A transaction-relay jamming can be identified as a protocol counterparty or 
application participant interfering with the relay of transaction. If the 
transactions are time-sensitive per the protocol semantic, this 
interference can constitute a loss of funds risk. If the transactions are 
only collaboratively built, this interference can constitute a timevalue 
DoS risk. Replacement cycling attack constitutes one variant of class of 
attacks, of which pinning is the other well-known variant.

Additionally, in this context of class of attacks arising from the 
interfacing of bitcoin applications and protocols with the base-layer 
transaction-relay network and its mempools rules, it can be noteworthy to 
under-light some observations concerning
security-issue handling process.

Firstly, there is not only a difficulty of diagnosticing correctly what 
specific bitcoin software is potentially affected. Establishing a relevant 
diagnostic is not only saying what is affected, though also saying the type 
of risk exposures (e.g plain loss of funds, fee griefing, bandwidth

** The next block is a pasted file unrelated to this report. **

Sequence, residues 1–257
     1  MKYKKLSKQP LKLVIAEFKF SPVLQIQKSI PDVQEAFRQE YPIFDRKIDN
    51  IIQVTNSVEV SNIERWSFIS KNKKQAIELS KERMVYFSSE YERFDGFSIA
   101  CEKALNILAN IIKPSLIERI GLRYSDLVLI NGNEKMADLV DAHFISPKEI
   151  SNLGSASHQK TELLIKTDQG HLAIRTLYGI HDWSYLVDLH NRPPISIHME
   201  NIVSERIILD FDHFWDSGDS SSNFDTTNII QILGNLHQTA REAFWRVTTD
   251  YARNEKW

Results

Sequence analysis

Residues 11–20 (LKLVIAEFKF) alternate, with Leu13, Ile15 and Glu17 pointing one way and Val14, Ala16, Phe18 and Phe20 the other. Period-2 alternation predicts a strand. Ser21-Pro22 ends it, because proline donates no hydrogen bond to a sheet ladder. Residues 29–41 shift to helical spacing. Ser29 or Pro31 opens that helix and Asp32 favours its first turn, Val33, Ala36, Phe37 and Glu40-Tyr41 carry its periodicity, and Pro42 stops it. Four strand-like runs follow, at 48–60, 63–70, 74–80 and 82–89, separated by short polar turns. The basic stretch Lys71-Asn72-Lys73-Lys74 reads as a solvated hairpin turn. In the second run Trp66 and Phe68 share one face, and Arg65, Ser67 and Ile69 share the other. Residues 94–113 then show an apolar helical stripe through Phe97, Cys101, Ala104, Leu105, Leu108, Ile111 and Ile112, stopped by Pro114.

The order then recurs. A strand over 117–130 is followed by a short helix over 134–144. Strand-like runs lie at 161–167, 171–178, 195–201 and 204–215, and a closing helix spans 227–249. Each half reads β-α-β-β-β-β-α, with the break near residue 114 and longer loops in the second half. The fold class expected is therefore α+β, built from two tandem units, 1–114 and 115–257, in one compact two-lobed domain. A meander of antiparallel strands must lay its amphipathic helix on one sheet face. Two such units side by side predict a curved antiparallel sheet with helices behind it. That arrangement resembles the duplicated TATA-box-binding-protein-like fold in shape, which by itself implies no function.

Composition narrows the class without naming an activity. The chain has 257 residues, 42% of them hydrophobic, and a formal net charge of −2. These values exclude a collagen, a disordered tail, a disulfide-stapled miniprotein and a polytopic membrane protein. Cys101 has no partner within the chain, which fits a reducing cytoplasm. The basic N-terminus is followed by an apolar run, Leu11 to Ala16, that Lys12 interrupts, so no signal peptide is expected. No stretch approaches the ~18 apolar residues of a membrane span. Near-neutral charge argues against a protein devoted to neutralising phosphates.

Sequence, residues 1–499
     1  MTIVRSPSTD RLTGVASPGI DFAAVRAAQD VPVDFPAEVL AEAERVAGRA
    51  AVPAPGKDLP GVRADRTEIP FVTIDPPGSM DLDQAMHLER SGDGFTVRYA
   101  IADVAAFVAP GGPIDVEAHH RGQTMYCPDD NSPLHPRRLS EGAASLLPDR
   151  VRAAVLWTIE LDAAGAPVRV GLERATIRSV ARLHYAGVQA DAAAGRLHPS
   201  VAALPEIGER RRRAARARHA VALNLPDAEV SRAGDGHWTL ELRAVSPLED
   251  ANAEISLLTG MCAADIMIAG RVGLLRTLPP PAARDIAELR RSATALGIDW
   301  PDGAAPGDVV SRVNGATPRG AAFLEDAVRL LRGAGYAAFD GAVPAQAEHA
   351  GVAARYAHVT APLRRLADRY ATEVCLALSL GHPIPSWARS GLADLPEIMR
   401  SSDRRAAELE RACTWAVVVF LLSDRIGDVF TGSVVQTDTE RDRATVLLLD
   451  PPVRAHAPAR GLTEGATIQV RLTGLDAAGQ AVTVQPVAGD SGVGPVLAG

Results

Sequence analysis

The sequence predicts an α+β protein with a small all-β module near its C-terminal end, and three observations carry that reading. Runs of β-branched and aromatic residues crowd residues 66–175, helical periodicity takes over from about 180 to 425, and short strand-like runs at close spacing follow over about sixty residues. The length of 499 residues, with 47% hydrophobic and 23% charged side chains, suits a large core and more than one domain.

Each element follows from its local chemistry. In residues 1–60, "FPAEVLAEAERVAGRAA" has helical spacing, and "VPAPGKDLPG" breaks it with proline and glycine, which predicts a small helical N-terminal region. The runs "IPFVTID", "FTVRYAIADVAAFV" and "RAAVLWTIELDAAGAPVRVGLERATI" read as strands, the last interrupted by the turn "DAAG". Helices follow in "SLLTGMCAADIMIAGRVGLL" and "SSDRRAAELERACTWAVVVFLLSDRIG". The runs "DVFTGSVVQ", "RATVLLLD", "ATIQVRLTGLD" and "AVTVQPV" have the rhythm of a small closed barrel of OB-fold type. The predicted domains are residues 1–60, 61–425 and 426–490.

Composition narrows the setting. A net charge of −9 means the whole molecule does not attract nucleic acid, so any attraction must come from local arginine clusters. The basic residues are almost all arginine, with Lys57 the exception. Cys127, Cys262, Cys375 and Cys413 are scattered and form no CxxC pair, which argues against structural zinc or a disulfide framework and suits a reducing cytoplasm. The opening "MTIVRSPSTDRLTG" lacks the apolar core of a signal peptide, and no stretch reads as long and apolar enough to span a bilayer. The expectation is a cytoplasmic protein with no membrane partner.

denial-of-service) grieving each specific software.

Secondly, once the diagnostic is done, there is the curative phase where 
mitigation patches are developed and included in the codebase. Each 
codebase is unique (e.g have its own language) and it can have its own 
usual release schedule, indicating a the rate at which a mitigation patch 
can disseminate across its crowds of active users.

Furthermore, in a decentralized ecosystem where each full-node can run its 
own configuration of mempool policy rules on a wide variety of hardware 
host, not all mitigation strategies are equally viable. Considerations on 
the same level have already been weighted in the past e.g at the occasion 
of CVE-2021-31876 (replacement inheritance defect on bitcoin core).

Don't trust, verify. All mistakes and opinions are my own.


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             reply	other threads:[~2024-05-23  4:09 UTC|newest]

Thread overview: 3+ messages / expand[flat|nested]  mbox.gz  Atom feed  top
2024-05-17  3:30 Antoine Riard [this message]
2024-05-23 10:05 ` [bitcoindev] " /dev /fd0
2024-05-24 23:54   ` Antoine Riard